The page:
Article Text

Original research
Insight into the process of postpartum care utilisation and in-home support among vulnerable women in the Netherlands: an in-depth qualitative exploration
  1. Lyzette T Laureij1,
  2. Marije van der Hulst1,
  3. Jacqueline Lagendijk1,
  4. Jasper V Been2,
  5. Hiske E Ernst-Smelt1,
  6. Arie Franx1,
  7. Marjolein Lugtenberg3
  1. 1Department of Obstetrics and Gynaecology, Erasmus MC, Rotterdam, The Netherlands
  2. 2Department of Paediatrics, Erasmus MC, Rotterdam, The Netherlands
  3. 3Department of Public Health, Erasmus MC, Rotterdam, The Netherlands
  1. Correspondence to Dr Marjolein Lugtenberg; m.lugtenberg{at}erasmusmc.nl

Abstract

Objective To gain insight into the process of postpartum care utilisation and in-home support among vulnerable women.

Design, method, participants and setting A qualitative interview study was conducted among 23 pregnant and postpartum vulnerable women in the Netherlands, following a grounded theory approach. Women were determined as vulnerable by their healthcare providers. Theoretical sampling of participants was applied and was alternated by data analysis to include information-rich cases until saturation was achieved.

Results A conceptual framework of postpartum care utilisation was generated consisting of three phases: pregnancy, early postpartum period and late postpartum period. Within these phases, information provision, parenting self-efficacy and social network were identified as overarching themes. Perceived inadequate information on content of postpartum care posed a major barrier to forming realistic expectations during pregnancy and hindered its utilisation. Low self-efficacy facilitated postpartum care utilisation. All women experienced increased self-efficacy during and after postpartum care. Support from a social network influenced expectations regarding the added value of postpartum care during pregnancy, and lowered actual utilisation during the postpartum period. The costs of postpartum care and the role of the maternity care assistant acted as general barriers or facilitators influencing the three overarching themes and therefore postpartum care utilisation indirectly.

Conclusions Our findings suggest that postpartum care utilisation among vulnerable women may be improved by considering the particular phase and relevant themes applying to individual women, and adapt care accordingly. We recommend to provide comprehensive, understandable information and to emphasise the gains of postpartum care in improving self-efficacy for vulnerable women. Moreover, involving a woman’s social network in postpartum care may add value to this care for this population.

  • obstetrics
  • primary care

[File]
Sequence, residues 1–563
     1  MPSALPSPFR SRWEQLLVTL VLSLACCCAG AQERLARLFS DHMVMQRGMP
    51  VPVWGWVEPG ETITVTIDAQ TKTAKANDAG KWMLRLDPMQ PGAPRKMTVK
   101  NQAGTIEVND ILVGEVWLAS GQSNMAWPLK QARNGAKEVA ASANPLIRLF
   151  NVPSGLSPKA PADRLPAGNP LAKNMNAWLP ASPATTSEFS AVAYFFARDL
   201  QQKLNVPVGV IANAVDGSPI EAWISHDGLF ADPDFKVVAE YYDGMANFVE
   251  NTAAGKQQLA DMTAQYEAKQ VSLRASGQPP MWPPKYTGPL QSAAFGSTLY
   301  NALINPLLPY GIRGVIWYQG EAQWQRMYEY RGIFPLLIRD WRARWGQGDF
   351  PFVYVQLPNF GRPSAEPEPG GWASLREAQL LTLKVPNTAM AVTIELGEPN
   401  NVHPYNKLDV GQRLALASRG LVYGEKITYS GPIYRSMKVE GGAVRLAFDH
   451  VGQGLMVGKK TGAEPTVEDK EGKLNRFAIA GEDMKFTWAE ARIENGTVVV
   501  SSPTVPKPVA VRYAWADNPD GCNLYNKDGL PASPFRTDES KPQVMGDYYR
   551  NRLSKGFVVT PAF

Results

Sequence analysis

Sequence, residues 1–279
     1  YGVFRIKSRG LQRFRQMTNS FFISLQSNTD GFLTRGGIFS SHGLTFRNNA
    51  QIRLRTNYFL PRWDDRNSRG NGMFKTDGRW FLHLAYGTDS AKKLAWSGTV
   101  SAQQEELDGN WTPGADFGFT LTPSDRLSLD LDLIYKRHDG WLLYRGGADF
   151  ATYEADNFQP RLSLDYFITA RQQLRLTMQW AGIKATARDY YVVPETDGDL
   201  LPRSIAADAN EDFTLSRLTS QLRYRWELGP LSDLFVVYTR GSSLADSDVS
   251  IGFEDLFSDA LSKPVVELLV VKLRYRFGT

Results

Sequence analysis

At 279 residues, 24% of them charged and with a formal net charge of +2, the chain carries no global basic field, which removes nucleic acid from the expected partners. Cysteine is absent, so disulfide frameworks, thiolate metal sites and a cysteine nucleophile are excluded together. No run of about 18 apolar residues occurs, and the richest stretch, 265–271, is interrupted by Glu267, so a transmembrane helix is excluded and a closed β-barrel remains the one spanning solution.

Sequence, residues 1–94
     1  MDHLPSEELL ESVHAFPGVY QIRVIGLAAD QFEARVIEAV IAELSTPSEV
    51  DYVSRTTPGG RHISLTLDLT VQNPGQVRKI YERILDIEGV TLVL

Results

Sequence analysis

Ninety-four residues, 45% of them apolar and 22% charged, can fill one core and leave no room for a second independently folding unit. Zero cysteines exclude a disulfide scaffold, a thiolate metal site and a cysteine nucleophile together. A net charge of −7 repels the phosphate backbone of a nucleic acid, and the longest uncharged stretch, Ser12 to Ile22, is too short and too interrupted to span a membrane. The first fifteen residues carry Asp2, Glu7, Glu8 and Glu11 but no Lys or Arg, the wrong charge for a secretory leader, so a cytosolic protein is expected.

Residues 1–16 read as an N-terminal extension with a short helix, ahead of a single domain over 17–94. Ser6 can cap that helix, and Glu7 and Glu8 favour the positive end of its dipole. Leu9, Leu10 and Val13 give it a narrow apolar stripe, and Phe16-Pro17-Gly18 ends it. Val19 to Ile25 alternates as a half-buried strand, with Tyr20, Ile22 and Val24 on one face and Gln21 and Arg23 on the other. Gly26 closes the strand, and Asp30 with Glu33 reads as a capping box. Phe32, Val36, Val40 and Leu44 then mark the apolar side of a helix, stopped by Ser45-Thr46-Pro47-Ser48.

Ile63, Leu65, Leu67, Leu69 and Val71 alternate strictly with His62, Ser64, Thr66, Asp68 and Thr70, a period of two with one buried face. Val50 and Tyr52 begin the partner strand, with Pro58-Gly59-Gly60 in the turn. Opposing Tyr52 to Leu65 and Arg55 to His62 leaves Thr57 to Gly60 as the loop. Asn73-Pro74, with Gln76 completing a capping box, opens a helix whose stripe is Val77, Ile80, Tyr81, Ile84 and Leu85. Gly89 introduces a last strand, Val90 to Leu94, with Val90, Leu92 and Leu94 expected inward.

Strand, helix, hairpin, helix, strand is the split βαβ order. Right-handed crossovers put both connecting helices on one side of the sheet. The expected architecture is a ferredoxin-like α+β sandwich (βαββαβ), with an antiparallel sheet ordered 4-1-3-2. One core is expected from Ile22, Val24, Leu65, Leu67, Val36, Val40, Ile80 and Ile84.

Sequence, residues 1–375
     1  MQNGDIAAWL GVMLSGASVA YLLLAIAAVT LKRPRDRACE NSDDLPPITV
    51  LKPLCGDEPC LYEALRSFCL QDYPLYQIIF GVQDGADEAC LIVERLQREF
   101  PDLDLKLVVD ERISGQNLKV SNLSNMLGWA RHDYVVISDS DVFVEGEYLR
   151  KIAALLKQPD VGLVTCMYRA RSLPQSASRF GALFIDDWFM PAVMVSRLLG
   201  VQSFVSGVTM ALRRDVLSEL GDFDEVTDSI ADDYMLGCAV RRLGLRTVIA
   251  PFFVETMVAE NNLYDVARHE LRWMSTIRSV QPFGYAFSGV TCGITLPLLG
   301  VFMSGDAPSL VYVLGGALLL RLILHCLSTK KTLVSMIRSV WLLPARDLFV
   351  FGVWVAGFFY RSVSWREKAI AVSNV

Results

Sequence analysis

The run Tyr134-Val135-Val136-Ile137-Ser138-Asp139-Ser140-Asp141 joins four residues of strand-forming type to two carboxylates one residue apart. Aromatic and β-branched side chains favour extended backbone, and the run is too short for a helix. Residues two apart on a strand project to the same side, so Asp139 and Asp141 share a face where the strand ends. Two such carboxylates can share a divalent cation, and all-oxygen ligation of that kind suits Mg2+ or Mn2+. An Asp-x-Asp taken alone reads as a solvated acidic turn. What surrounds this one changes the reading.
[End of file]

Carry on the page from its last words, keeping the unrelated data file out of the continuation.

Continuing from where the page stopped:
• public health
  • qualitative research

Data availability statement

Data are available upon reasonable request.

http://creativecommons.org/licenses/by-nc/4.0/

This is an open access article distributed in accordance with the Creative Commons Attribution Non Commercial (CC BY-NC 4.0) license, which permits others to distribute, remix, adapt, build upon this work non-commercially, and license their derivative works on different terms, provided the original work is properly cited, appropriate credit is given, any changes made indicated, and the use is non-commercial. See: http://creativecommons.org/licenses/by-nc/4.0/.

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Data availability statement

Data are available upon reasonable request.

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Footnotes

  • Contributors LTL, JL, HEE-S, JVB, AF and ML designed the study. LTL performed the data collection. LTL and MvdH analysed the data under supervision of ML. All authors interpreted the data. LTL, MvdH, JL and ML wrote the first version of the manuscript. All authors revised all versions of the manuscript and approved the final version.

  • Funding This study was funded by the Netherlands Organisation for Health Research and Development (ZonMw), grant number 209070002.

  • Competing interests None declared.

  • Provenance and peer review Not commissioned; externally peer reviewed.

  • Supplemental material This content has been supplied by the author(s). It has not been vetted by BMJ Publishing Group Limited (BMJ) and may not have been peer-reviewed. Any opinions or recommendations discussed are solely those of the author(s) and are not endorsed by BMJ. BMJ disclaims all liability and responsibility arising from any reliance placed on the content. Where the content includes any translated material, BMJ does not warrant the accuracy and reliability of the translations (including but not limited to local regulations, clinical guidelines, terminology, drug names and drug dosages), and is not responsible for any error and/or omissions arising from translation and adaptation or otherwise.